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The big difference this year—winning five times, my first major (PGA Championship) and the FedEx Cup—was working hard on my putting consistency. I’ve always been a streaky putter. My great putting days are really great. But it’s about the bad putting days. You look at Jordan, Rickie or Tiger in his prime; their version of putting bad versus a guy ranked 100th on tour in putting is just so different.
So I worked on making those bad days better. First, when I practice, I put a mirror on the green with a line on it and put a ball on that line. Then I stand over the ball and make sure my eyes also are on that line with my left eye over the ball. I’m left-eye dominant. Having your eye line correct is going to make you a lot more accurate. I also check that the putterface is square to that line and my posture and body alignment are consistent. Finally, I pay attention to my feet. I’ll explain that in a second.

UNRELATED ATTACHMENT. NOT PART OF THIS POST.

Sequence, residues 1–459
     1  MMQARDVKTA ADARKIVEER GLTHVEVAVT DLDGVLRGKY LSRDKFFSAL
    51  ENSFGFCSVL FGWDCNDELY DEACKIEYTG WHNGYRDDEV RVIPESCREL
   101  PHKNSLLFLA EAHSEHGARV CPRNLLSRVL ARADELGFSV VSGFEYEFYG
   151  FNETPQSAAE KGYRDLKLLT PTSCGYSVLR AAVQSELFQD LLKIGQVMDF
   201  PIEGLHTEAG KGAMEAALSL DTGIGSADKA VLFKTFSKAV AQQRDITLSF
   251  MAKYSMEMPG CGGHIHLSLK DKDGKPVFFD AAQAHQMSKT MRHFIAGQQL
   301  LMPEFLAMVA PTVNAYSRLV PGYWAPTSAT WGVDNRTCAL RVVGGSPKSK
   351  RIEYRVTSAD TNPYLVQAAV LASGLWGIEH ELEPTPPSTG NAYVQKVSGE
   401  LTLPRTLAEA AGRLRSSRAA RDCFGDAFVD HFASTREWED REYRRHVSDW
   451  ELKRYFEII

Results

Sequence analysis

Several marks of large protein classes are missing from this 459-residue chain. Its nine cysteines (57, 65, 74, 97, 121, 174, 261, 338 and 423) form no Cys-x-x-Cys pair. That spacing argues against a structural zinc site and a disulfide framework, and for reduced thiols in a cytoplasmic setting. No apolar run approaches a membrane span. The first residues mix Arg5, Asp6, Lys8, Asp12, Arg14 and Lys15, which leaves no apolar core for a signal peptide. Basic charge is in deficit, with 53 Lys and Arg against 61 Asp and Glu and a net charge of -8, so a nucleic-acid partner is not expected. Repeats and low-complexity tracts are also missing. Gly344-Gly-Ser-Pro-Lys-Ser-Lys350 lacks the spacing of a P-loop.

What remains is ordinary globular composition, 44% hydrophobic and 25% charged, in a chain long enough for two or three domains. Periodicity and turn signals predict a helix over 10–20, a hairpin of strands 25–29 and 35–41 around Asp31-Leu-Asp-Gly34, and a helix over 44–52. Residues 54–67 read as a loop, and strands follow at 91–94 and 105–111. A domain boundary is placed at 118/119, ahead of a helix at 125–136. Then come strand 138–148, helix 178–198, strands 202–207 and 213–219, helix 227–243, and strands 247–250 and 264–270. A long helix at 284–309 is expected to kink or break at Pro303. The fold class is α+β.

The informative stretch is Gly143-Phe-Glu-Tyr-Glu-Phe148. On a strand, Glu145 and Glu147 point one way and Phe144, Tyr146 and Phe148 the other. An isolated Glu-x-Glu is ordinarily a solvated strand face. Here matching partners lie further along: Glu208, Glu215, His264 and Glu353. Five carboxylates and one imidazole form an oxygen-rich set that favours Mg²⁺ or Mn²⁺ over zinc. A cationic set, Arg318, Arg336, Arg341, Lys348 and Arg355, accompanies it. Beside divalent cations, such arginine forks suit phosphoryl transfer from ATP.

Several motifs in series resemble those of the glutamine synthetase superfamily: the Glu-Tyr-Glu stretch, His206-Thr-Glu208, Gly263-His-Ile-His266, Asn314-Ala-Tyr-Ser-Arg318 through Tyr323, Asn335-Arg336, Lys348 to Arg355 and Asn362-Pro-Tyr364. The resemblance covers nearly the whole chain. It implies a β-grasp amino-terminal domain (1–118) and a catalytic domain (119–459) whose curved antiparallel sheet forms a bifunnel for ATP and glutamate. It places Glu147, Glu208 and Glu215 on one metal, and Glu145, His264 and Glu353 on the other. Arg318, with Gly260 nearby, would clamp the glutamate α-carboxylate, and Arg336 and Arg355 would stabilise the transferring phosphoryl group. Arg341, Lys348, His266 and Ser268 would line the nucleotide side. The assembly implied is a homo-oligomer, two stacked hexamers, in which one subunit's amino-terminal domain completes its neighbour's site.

Another change, my pre-putt routine is shorter. I no longer take a practice stroke. I just step in and go before doubt can set in. I also have a shorter stroke. It’s the same on both sides of the ball, but the overall length is shorter because it’s easier to control. I mentioned my feet, because it’s important to feel as stable as possible in your lower body when you hit a putt. I want my feet gripping the ground, so my body doesn’t drift when I make a stroke.
As far as practice, I worked hard on putts over 10 feet. Making ones from long range, or at least getting them a lot closer to the hole, is going to make you a better player. One way to do that is randomise your practice. Keep changing the distance you hit putts, with a focus on speed control. Success at any level comes from not taking this part of the game for granted. —With Brian Wacker